Uggla signed a one-year, $7.8 million contract with the Marlins in 2010, and set the Marlins’ all-time career mark by hitting his 144th career home run.
After rejecting a four-year, $48 million contract offer from the Marlins after the 2010 season, he was traded to the Atlanta Braves. He signed a five-year, $62 million contract with the Braves in 2011.
That year, he became the 23rd player in MLB history to have a hitting streak of at least 33 games and hit 36 home runs. He was named the NL Player of the Month that August.
In 2012, his batting average slumped to .220 through 92 games. He hit 12 home runs and had a higher strike out rate than his previous seasons. However, he drew a higher walk rate last year.
Still, despite his lower-than-average stats, the Braves still made it to the post season.
“Finally making it to the post season was an awesome experience,” he said. “I got to play with Chipper (Jones), Brian McCann, Josh Johnson. It’s one of the highlights of my career. I play with some awesome guys.”
Uggla said not a lot has changed in baseball throughout his career.
“I was in the minors from 2001 to 2006 and found out when I moved to the majors that it was a different game than the majors,” he said. “But not a lot has changed since I went to the big leagues. The steroid issue was under control by that time. Also, scouting has improved and that means better strength among players.”
He said he looks forward to Spring Training every year.
“Just to get back down (to Orlando) and see the guys is exciting,” he said. “I also like getting back into the routine and get out and play. I just do what I love to do. The first week is very fun. I love getting back into the clubhouse and catching up with the guys. We all have a lot of fun together.”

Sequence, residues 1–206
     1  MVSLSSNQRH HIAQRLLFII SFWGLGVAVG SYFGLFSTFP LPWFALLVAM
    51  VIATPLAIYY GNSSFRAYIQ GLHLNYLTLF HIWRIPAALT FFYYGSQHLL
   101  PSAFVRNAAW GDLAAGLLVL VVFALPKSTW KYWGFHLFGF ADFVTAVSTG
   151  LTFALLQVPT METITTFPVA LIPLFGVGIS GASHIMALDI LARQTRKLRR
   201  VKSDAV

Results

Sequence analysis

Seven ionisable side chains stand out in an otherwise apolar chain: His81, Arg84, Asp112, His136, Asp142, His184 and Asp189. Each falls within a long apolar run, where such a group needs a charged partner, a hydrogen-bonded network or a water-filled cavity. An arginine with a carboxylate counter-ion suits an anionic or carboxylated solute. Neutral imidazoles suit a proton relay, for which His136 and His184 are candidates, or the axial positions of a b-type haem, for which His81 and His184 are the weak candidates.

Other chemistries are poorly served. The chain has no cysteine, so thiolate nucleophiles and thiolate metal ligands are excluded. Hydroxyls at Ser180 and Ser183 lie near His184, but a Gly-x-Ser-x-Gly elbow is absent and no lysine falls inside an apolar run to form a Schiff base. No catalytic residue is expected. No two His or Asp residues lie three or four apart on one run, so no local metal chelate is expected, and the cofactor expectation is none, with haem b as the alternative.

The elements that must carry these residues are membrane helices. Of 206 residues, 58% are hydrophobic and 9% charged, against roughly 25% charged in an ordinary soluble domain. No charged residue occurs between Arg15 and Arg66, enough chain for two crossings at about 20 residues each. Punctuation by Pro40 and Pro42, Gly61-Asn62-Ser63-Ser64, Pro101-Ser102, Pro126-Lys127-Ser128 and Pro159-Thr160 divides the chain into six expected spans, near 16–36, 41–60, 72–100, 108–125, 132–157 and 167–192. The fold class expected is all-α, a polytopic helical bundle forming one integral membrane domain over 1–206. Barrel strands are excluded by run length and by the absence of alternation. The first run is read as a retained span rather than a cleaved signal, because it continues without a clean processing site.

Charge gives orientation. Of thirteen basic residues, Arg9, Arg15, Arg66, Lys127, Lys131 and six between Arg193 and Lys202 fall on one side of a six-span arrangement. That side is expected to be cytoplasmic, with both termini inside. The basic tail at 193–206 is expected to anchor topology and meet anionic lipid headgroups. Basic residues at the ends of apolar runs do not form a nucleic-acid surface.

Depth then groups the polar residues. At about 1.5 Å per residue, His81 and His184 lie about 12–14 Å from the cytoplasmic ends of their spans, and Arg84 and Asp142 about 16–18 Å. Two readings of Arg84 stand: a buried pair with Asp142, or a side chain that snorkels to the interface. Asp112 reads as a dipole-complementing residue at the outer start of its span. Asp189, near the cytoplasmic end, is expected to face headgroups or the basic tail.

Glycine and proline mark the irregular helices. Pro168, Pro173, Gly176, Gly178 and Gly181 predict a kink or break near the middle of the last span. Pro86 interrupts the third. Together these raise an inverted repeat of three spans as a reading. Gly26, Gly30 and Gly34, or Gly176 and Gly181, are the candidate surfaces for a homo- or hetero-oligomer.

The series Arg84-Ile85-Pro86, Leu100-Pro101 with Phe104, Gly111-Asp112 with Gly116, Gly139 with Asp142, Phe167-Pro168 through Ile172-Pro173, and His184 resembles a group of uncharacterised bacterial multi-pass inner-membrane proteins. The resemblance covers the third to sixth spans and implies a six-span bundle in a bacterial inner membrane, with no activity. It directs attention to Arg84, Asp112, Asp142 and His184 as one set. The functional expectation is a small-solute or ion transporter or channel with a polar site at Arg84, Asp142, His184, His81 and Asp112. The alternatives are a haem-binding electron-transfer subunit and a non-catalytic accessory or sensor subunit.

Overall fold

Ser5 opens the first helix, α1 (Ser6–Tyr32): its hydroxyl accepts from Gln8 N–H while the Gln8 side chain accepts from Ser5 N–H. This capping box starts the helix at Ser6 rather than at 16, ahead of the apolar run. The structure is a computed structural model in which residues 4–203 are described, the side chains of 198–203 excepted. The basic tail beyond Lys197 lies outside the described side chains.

His goals for this season is to score 100 runs, whether it be by himself or batting in teammates.
“If I can drive in 100 runs, then I can let the rest take care of itself,” he said. “I try to keep it simple.”
He said for those in high school or college, looking to make it to the next level, he advises they “continue to have fun and work hard. They need to do all they can to keep it fun, but play to the maximum of their ability. Also, they need to know not to take the game home with them.” When he was growing up, he was a fan of Darryl Strawberry. Still, he said he tried to emulate his brother, Mike.
“(Mike) played all sports, and the effort he put into it was amazing,” Uggla said. “He hustled everywhere he went. But I didn’t try to pattern my ability or career on anyone else.”
Uggla said he doesn’t believe he’ll go into coaching after his career is over.
“I definitely have interests outside of baseball, so who knows,” he said. “I definitely want to do something, but I’m yet to figure out what it is.”
Although his mom and dad still live in Columbia and Mike lives in Franklin, Uggla said he spends his off season in Atlanta, where his kids now live.
He said he enjoys Middle Tennessee when he visits.
“The people are so nice and the land is so pretty,” he said. “But I’m not a huge fan of the winters.”
Photograph courtesy Associated Press